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Food Demonstrator Provider to Pay $2.65 Million to Settle EEOC Disability Suit

Pollack Peacebuilding by Jeremy Pollack

CROSSMARK, Inc. is a marketing and international sales company that manages food demonstrators in retail stores across the United States. The company has not been treating their demonstrators well, though, as charged by the EEOC.  

What Happened?

The EEOC states that CROSSMARK allegedly forbade their employees from sitting on stools for more than ten minutes every two hours while they prepared and served food samples. This policy was applied even if the employees had health problems or other restrictions.

What’s The Issue?

The American with Disabilities Act (ADA) states that employers must provide reasonable accommodations to their employees with disabilities. The EEOC does not believe that allowing employees to sit for longer periods while preparing and serving samples would be an unreasonable arrangement. 

Apparently, some of these employees were even allowed to sit as needed when they worked directly for the retailer. When CROSSMARK took over, however, this accommodation was taken away. This shows that allowing employees to sit longer worked in the past.

Some people with disabilities are unable to stand for periods of time (if at all). Only being allowed to sit for ten minutes every two hours could worsen some conditions, or at the very least, cause unnecessary exhaustion for the employee with a disability.

The Settlement 

As well as paying out over $2.5 million to former employees, CROSSMARK will have to make some changes to their company culture in order to make it more supportive of all employees. 

The company will: 

  • appoint ADA Coordinators to assist with accommodation requests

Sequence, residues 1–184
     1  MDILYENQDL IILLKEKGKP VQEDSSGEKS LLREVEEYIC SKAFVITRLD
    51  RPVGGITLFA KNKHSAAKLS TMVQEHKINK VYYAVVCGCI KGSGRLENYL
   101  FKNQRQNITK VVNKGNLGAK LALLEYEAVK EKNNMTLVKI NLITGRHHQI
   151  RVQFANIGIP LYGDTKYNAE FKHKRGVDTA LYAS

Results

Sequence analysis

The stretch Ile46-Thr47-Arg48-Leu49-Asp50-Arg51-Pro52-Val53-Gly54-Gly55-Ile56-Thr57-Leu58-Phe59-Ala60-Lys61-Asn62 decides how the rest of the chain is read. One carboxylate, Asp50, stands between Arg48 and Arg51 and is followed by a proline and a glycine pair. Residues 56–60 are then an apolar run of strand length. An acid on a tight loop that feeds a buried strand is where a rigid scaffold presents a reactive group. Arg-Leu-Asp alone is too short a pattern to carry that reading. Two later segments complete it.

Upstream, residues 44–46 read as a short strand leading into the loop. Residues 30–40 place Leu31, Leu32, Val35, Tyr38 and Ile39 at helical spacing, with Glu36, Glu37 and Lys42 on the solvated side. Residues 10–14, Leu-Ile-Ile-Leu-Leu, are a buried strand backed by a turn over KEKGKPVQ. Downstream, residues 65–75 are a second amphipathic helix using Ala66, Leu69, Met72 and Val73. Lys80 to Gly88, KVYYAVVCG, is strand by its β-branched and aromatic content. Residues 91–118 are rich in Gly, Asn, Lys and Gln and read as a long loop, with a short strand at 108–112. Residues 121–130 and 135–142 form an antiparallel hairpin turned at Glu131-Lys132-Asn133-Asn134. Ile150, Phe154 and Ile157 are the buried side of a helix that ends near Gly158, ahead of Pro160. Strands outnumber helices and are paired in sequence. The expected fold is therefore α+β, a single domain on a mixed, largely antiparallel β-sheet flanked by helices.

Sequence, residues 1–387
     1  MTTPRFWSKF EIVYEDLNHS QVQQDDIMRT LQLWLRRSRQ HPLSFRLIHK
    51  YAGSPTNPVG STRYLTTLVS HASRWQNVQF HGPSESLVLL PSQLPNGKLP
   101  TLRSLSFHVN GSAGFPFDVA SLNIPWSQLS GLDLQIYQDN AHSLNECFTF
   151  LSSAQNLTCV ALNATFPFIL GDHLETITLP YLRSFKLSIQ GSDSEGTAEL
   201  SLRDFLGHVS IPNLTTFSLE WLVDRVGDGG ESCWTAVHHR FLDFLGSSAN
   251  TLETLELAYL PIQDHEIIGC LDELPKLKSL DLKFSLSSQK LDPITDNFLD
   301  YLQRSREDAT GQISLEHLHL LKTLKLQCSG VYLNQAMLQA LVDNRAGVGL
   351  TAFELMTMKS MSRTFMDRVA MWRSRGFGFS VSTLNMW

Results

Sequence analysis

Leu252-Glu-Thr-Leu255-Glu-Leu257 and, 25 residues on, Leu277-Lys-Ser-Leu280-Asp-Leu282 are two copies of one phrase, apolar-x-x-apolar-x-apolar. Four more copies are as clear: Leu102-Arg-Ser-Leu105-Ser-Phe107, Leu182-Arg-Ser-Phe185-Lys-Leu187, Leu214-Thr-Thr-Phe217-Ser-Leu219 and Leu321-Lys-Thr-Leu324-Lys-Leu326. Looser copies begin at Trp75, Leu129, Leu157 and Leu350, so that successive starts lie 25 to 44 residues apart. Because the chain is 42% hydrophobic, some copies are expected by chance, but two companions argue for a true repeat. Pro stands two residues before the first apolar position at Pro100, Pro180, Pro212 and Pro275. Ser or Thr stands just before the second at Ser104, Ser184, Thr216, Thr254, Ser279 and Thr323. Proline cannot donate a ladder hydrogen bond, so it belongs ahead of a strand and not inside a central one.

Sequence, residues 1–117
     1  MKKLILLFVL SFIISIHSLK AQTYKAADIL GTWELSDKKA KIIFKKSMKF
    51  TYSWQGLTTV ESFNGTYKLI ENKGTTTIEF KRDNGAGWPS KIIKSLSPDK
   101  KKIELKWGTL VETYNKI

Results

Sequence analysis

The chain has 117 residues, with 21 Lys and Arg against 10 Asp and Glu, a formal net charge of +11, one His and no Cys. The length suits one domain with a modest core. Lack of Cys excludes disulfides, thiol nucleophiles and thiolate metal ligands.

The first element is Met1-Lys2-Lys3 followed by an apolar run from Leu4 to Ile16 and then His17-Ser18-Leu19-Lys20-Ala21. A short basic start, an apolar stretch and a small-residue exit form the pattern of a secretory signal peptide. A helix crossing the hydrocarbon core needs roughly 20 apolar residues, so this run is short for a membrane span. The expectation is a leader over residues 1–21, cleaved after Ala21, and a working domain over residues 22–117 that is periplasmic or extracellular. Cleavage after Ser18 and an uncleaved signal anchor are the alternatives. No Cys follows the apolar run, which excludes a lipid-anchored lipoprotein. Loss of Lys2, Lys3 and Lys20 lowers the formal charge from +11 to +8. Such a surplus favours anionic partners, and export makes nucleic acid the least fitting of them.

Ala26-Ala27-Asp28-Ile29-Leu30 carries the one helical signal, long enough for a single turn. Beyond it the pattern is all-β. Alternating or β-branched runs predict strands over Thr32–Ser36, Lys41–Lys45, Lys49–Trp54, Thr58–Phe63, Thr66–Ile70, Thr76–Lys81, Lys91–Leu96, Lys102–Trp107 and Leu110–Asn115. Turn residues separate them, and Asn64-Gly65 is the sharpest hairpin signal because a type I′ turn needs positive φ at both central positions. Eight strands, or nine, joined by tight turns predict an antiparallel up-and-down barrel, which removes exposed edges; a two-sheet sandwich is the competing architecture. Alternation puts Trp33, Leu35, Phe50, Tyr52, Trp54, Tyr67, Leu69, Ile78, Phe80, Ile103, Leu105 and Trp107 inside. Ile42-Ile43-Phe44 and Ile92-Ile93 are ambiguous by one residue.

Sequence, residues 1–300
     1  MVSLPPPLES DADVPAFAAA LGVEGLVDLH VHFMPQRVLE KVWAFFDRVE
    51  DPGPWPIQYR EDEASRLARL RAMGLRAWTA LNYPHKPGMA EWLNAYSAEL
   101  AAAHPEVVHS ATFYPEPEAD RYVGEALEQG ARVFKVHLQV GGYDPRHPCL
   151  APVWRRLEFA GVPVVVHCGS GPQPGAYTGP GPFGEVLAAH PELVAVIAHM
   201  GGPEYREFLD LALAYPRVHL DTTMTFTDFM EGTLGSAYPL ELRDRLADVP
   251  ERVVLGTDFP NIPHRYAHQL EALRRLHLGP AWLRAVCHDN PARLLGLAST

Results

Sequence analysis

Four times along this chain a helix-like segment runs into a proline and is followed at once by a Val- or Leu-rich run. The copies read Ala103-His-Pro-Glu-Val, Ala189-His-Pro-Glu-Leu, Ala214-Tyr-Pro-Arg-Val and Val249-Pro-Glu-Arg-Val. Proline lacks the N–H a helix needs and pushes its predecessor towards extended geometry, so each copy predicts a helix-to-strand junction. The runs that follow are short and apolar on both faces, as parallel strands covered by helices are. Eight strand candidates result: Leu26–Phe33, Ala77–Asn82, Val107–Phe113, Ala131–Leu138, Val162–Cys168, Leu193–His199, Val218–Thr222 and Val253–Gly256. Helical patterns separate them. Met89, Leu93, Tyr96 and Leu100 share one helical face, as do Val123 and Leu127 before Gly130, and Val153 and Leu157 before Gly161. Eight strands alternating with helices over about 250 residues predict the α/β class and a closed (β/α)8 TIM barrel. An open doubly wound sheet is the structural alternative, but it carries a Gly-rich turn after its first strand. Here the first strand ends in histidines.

• revise its policies on discrimination and reasonable accommodation
  • provide training
  • create a helpline for employees to call to receive information about accommodation requests

Human Rights

A settlement was attempted by the EEOC before the case was taken to court. In cases where discrimination has occurred, mediation becomes trickier and sometimes it seems the only way to bring reconciliation is through a trial.

However, we have hope that mediation can still be useful in extreme cases of conflict. In a previous article, we addressed the role of human rights in conflict resolution. When rights have been violated (like in the CROSSMARK case), it is important for mediators to understand the underlying cause of the violation and seek to address or heal that in order for reconciliation to occur.

                        author

Emma Hartman

Emma Hartman has a Bachelor’s degree in Writing and a background in content coordination, copyediting, and copywriting. Her skills in content development and management together with strong administrative coordination lead Pollack Peacebuilding’s critical initiative of developing and distributing important news, events, advice, and research in peacebuilding and conflict resolution. MORE >

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